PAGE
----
Modern-day conservatives and liberals alike agree that justice was an important part of the earthly ministry of Jesus. From the Golden Rule (Matthew 7:12) to the parable of the good Samaritan (Luke 10:30–37), Jesus was not afraid for his teachings to have clear implications for social justice. Such was even one of the major things that identified him as the long-awaited Messiah (Isaiah 61:1–2; Luke 4:18–19).
Now, Jesus plainly did not preach a “social gospel.” Speaking to social issues was not the primary focus of his ministry, but many of us today need to be reminded that it was an aspect of his ministry. We speak well to the social issues that affect those in other nations of the world — and rightfully lament the staggering numbers of image-bearers murdered, impoverished, and trafficked in developed and developing nations. But far too often, local injustices — the ones down the street and around the corner, the ones that feel too close to home — are met with silence or apathy.
Yet social justice — whether local or abroad — isn’t just something that Jesus or the Bible mentions in passing. After saving his oppressed people from Egypt, God identifies himself to them as a God whose ways are just (Deuteronomy 32:4), a God who executes justice for the fatherless and the widow (Deuteronomy 10:18). His redeemed people are commissioned to image their God who cares about the needs of the poor, the oppressed, and the outcast.
The Old Testament prophets display this same concern. Isaiah and Amos passionately speak against social injustices within the community of God’s own people. In the New Testament, Jesus identifies himself with his followers who are the poor, the imprisoned, the hungry, and the naked — and says that to neglect such people is to neglect him (Matthew 25:31–46).
The Whisper of Perfect Justice
What does it look like, then, for the church today to speak to issues of social injustice in our backyards, in our communities, and in our own cities? How do we address justice issues such as abortion and human trafficking, along with discriminatory lending practices, redlining in housing, gerrymandering in education, predatory lending, and discriminatory pay? What does it look like for God’s people, embedded in today’s society, to address systemic racism, sexism, and classism?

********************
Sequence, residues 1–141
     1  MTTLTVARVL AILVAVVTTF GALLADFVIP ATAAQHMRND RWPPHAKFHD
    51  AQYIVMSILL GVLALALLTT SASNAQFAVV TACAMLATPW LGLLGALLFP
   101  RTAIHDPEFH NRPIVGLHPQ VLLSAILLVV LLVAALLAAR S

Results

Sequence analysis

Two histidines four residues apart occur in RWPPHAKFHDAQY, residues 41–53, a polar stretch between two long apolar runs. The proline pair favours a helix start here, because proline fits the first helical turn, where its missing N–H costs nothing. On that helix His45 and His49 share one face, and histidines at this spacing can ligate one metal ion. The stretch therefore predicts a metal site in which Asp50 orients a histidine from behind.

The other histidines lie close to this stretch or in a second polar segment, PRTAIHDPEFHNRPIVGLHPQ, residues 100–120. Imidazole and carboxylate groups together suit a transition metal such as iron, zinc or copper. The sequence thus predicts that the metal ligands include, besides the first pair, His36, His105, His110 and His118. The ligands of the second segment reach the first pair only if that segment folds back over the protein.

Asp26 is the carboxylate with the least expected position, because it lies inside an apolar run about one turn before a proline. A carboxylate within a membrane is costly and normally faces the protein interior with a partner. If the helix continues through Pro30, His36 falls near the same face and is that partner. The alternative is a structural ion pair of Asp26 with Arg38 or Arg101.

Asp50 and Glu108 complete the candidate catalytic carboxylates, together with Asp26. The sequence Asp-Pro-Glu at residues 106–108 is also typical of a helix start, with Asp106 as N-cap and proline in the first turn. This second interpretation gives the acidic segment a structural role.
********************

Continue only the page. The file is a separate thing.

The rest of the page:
Again, as biblically faithful Christians, we do so with distinctions from the social gospel. Our end goal is not the redistribution of wealth, nor is our ultimate hope placed in the ability of our government to change its legislation. Rather, we speak and act against injustice, not in an attempt to create a utopian society, but in a Spirit-empowered effort to point to the true utopian society to come.
This was the aim of our Savior during his ministry on earth. The point of his healing ministry wasn’t to free the world from sickness in this world. The goal of Jesus’s healing ministry was to point to something else: the kingdom of God. Jesus heals the sick to point to a day when sickness will be no more, a day when a new heaven and a new earth will replace this current order, and we will experience “no more death, or mourning or crying or pain, for the old order of things has passed away” (Revelation 21:4, NIV).
More than this, Jesus’s ministry of healing pointed supremely to himself as God, who is the Author of Life, the all-powerful ruler over all things including sin and sickness.
Even More Than Justice
What is our goal in fighting for justice? The same as Jesus’s when he healed the sick: to glorify God, bring joy to the hurting, and point to the glorious kingdom where sickness and suffering will be no more. Imperfect justice now whispers of the coming kingdom where perfect justice, eternal righteousness, and no marginalization or oppression will exist. We anticipate a day when discrimination will cease, racism will be destroyed, trafficking will stop, the innocent unborn will not be murdered, and individual and systemic abuse will be overcome. As Christ’s body, our mouths and our hands express this truth, and this forthcoming final reality fuels our zeal to fight for change now.
And as Christians, we are fueled by even more than justice.
While we aim to magnify our just God and his just judgment, we also aim to show that this God is more than just. In speaking and responding to social injustice, we point to our God who has displayed his perfect justice and his goodness on our behalf, giving guilty sinners the opposite verdict than what we deserved for our crimes, while at the same time remaining perfectly righteous. While we were alienated from God, under the burdensome oppression of sin, deserving God’s wrath and eternal separation from him, God acted justly and mercifully, placing the punishment for our sin on his perfectly righteous Son. Because of Jesus’s death at the hands of wicked people — who murdered him unjustly — God justly crushed him in our place, graciously giving us full acceptance, eternal joy, and true life.
We pursue justice for victims of injustice — and even more. We extend compassion because even greater justice has been achieved for us through Jesus. How can we settle for anything less than justice for our fellow man, when God himself has shown us mercy?